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Storm resilience “more important than ever” as trio of storms rack up £92m damage

NFU Mutual is urging farmers to prepare for storms in advance as its customers have suffered damage in excess of £92 million during Storm Dudley, Eunice and Franklin last year, the rural insurer’s latest figures have revealed.

The trio of storms hit the UK in quick succession last February with sweeping winds of over 120mph that ripped trees from the ground, tore down power lines, damaged buildings, and flung furniture and debris across the air.

Many areas were also struck by flooding and disruptions to transport systems, with the South West and South East of England and parts of Wales most severely affected. The extreme weather events saw millions of Britons suffer extensive damage to their homes, businesses, and property, resulting in more than 13,000 claims received by NFU Mutual.

While the average cost of storm damage reported to the rural insurer was in excess of £7,000, some claims ran into tens or hundreds of thousands of pounds. To mitigate the impact of extreme weather on the livelihoods of those living in the countryside, the insurer is offering advice on how to become storm resilient.

Jon Bird, property claims manager at NFU Mutual, said: “Now over a year on from Storms Dudley, Eunice and Franklin, we can clearly see how destructive periods of extreme weather can be.

“Over 13,000 NFU Mutual customers suffered damage as a result of the storms, ranging from missing roof tiles to entire outbuildings being destroyed.”

While customers with smaller claims were able to benefit from immediate cash payments, last year’s storms demonstrated it is now “more important than ever” to ensure properties are storm resilient and homeowners have protocols in place in the event of extreme weather, Mr Bird added.

“That’s why we’re urging everyone to clear, fix, fasten and repair regularly to protect themselves from the worst of extreme weather before it is forecast.

“It also means considering how home or property improvements, such as laying driveways or artificial grass or adding outbuildings and ornaments, will stand up in extreme weather. It is essential that excess water has somewhere to drain and that ornaments and outbuildings can be secured in the event of high winds.”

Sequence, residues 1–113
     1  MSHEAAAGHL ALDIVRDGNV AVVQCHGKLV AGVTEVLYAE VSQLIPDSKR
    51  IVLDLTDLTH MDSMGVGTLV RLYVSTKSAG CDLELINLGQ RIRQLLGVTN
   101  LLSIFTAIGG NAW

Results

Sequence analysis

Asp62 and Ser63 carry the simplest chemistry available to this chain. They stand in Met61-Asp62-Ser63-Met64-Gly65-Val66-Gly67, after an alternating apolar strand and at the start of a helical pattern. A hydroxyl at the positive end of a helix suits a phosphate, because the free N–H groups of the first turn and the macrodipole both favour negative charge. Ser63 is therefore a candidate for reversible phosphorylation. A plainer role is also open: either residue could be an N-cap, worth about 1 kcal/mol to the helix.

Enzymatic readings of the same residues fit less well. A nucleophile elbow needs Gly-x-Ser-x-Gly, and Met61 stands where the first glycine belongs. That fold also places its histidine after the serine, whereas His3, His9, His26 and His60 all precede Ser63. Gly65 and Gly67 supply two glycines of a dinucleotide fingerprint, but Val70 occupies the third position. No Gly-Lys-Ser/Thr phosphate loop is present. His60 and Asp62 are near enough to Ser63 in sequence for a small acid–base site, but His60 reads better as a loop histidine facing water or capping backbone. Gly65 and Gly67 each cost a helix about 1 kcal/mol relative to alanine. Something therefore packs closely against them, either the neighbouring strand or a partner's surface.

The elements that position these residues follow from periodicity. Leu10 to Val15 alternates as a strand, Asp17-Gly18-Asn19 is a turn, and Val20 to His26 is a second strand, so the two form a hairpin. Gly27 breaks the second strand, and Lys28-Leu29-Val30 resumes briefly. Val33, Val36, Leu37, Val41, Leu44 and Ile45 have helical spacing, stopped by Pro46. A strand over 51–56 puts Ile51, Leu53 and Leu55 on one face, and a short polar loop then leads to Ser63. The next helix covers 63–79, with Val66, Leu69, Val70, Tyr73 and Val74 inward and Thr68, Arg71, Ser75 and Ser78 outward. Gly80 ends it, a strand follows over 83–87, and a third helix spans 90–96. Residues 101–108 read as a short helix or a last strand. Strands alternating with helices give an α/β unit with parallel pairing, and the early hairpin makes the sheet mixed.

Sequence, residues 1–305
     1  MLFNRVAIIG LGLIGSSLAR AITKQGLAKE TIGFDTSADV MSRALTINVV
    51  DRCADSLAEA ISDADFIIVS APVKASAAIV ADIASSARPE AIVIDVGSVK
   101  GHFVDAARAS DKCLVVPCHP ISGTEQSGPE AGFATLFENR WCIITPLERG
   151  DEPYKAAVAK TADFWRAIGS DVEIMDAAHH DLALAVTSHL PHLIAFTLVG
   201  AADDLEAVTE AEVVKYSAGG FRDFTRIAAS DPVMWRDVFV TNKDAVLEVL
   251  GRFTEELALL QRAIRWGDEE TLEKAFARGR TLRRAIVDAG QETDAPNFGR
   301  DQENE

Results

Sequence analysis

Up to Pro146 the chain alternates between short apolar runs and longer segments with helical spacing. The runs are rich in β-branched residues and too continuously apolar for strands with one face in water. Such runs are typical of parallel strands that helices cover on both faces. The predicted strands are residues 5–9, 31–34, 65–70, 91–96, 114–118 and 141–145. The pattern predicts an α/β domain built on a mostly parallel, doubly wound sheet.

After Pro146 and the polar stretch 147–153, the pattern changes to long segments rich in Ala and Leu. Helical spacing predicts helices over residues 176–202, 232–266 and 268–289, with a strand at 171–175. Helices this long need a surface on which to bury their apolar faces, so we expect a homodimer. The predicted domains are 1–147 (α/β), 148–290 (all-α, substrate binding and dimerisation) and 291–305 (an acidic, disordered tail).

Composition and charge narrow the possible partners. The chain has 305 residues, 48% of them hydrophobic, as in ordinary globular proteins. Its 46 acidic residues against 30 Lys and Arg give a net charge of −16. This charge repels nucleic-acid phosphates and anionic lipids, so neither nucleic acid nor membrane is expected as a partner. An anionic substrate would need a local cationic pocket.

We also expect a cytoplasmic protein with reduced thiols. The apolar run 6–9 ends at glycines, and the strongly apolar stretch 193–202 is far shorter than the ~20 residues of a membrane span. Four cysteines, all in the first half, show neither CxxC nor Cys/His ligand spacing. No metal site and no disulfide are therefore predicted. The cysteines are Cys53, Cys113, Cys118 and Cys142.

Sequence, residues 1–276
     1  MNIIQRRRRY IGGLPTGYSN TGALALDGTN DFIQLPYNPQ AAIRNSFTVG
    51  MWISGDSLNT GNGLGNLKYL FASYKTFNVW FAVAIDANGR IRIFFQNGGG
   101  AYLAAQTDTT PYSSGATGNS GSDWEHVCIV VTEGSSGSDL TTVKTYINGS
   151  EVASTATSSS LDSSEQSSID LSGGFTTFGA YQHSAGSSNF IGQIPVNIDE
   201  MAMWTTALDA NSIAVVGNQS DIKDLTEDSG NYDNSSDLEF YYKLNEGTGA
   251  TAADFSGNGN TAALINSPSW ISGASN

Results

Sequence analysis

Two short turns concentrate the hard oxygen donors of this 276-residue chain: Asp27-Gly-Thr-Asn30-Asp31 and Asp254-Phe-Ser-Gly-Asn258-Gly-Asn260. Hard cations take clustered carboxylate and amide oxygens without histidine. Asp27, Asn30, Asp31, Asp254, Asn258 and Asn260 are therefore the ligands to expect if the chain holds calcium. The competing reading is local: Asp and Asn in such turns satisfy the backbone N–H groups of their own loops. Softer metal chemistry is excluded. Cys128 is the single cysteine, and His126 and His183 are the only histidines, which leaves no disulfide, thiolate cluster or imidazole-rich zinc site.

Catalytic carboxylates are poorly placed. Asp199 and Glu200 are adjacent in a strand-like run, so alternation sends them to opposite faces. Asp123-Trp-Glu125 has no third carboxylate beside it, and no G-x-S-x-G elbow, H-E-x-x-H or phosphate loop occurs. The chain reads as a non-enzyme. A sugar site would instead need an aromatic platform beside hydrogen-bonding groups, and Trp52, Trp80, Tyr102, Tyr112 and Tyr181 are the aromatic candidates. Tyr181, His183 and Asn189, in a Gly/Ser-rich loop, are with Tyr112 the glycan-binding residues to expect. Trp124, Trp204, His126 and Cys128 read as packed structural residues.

NFU Mutual’s storm resilience checklist

To help farmers prepare for a potential repeat of last year’s storm trio, NFU Mutual has assembled a storm resilience checklist with useful tips to improve farm safety all year round:

  • Make sure all doors and windows can be securely closed.
  • Prepare for power cuts: Have torches and batteries to hand and make sure any generators are ready to use if required. If you are using candles, make sure you use them safely and extinguish when leaving the room, and make sure nothing hangs over the candles.
  • Inspect your property and make repairs to things like loose fence panels or gates.
  • Make sure gutters are not leaking and are clear of leaves and other debris.
  • Have a space to put loose outdoor furniture like garden chairs and trampolines. If you do not have an indoor space in which to put them, ensure you have a means of tying down or otherwise securing the furniture.
  • Safely and regularly check that tiles, slates and roofing sheets are in place, securing any that are not.
  • Regularly inspect trees on your property, removing loose or overhanging branches which may cause damage to your or others’ property in a storm.
  • Repair or unblock any faulty drains as soon as you notice they are not draining.
  • Consider the impact of things like a paved or concreted drive, or artificial grass, on drainage. Lack of drainage can contribute towards flooding.
  • If you have a garage, clear a space for your vehicle in the event of a storm. If you do not have a garage, plan where you can park vehicle during a storm – this should be away from any walls, fences or branches which could fall and damage the vehicle.
  • Protect and lag water pipes in vulnerable areas and know where the water supply is so that you can turn it off in the event of burst pipes.
  • Stay alert for Met Office weather warnings in your area.
  • Have your insurer’s emergency helpline number available.

Additional advice for business owners

In addition to the above, business owners can:

  • Ensure you have emergency contact details for employees to maintain contact during an extreme weather event.
  • If you have company vehicles, make sure these are parked away from walls, fences or branches which could damage the vehicles.
  • Make sure outdoor signage or displays can be secured or brought inside.
  • Ensure you have adequate signage warning customers of things like wet floors that may be more common during extreme weather.
  • Prepare an emergency evacuation route in the event of unexpectedly severe weather.
  • Ensure central heating will come on during freezing weather to avoid frozen pipes, and consider procuring sandbags to protect your business in the event of a flood.
  • Make sure you have a way of communicating closures with customers.
  • Consider transport routes to the business and whether traveling will be safe and practical.

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